“The Adaptive Services Division of the DC Public Library will host a
Mini Maker Un-faire DIY (Do It Yourself) Fair in the Great Hall of the Martin Luther King Jr. Memorial Library on Saturday, Nov. 17 from 10 a.m. to 3 p.m. and on Sunday, Nov. 18 from 1:30 p.m. to 4:30 p.m. The Library is accessible from the Gallery Place and Metro Center subway stops.” More…
HacDC will be among the participating organizations at this event.
Admission is free. Register at http://dcdiyfair2012.eventbrite.com/
Last weekend, HacDC hosted a booth in the USA Science and Engineering Festival at the DC Convention Center. HacDC members who volunteered at the booth report that festival participants kept them plenty busy throughout the duration of the festival. Thank you to everyone who stopped by!
The HacDC booth demonstrated a variety of gadgets including a 3D Printer, the chassis of Spaceblimp 5 (or, “This lunchbox has been to space!”), a montage of beautiful Spaceblimp photos, a pen plotter writing portraits of people, various LED hacks, and a tank of water with a bubble ring generator.
A picture of our booth at the fest in case you missed it. Not quite the same, but we try.
I asked the volunteers and festival attendees to tell me about things they saw that they found particularly interesting:
- Baby hacking, or in other words, how babies learn to distinguish speech sounds that are present within the language of their environment.
- Ever want your own personal submarine? (Only if it comes with a periscope, right? Same here.) The Personal Submersibles Organization has one that is light enough that it can be carried on a trailer and lowered into the water on a ramp.
- Extracting Banana DNA and wearing it on a necklace was a highlight.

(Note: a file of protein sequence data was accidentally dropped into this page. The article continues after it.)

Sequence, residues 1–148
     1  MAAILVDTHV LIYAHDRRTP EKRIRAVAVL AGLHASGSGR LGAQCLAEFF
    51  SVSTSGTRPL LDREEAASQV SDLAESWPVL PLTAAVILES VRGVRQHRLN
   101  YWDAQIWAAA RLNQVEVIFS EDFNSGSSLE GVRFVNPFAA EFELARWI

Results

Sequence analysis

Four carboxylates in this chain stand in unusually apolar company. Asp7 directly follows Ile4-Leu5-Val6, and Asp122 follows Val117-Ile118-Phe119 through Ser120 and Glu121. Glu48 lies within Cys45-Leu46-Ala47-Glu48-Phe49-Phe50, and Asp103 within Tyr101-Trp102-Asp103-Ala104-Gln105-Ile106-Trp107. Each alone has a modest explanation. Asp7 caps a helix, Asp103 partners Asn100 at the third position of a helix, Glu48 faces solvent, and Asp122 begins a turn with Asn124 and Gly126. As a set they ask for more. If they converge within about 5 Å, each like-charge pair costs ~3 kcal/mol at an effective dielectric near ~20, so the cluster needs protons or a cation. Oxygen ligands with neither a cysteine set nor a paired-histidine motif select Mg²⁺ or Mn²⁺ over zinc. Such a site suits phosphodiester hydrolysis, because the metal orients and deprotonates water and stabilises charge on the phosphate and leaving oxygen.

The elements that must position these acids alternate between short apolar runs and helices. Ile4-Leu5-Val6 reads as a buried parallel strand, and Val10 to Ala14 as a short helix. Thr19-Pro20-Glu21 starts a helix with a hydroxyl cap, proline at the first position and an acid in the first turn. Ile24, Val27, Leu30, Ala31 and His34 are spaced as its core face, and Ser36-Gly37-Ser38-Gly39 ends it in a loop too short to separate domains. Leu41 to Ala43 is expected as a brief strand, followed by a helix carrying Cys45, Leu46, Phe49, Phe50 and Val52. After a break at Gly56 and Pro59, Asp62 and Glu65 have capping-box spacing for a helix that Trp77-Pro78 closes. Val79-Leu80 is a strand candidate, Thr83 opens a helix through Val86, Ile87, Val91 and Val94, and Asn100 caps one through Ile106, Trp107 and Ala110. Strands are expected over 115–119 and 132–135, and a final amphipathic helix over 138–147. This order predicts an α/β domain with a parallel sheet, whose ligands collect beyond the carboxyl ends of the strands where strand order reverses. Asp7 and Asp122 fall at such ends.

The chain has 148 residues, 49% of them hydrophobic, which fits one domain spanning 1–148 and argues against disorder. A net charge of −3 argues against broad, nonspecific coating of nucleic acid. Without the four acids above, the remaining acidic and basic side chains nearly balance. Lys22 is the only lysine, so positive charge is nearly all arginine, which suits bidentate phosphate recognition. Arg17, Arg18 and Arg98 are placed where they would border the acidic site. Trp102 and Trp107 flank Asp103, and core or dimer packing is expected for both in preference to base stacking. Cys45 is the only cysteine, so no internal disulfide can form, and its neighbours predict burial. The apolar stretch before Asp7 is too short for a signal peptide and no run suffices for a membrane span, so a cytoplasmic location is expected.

- As one member said, “There was probably something for every kind of geek.”
It sounds like everyone had a great time and we’re looking forward to attending more festivals in the future!
On July 7 at 7:00PM, HacDC and DorkbotDC will together sponsor an event with a very innovative and interesting local musician, Keith Sinzinger.
Sinzinger goes under the performance name Fast Forty. He calls his genre of music Intense Ambient: “found sounds, altered electronics, scrap metal and other devices, blended to soothe and stimulate.” His music is anchored by homemade tubular bells which he plays and routes through various audio effect processors.
He is originally from Cleveland, Ohio and his music reflects the industrial sounds of the Ford plant and the railroads of his early surroundings.
At HacDC and Dorkbot, he will explain how he conceived of, researched and constructed the tubular bells, and will then offer a demonstration of their sounds. The audience will also be able to play them afterwards.
Below one can listen to a full set of his from a recent Sonic Circuits performance, posted by District of Noise. Also see his MySpace site for more information.
Where: HacDC (1525 Newton St NW, Washington, D.C.)
Date: Tuesday, July 7, 2009
Had a bunch of really interested folks at the “Hack the Genome, the age of biomolecular cryptography” talk today at Shmoocon. Lots of fantastic ideas and great discussions afterwards with interested hackers. It is great to see how much creative knowledge and energy there is in our community. I was asked to share my slides, so I have put them up on my site over at Radio Free Genome, and you can download the presentation directly from here.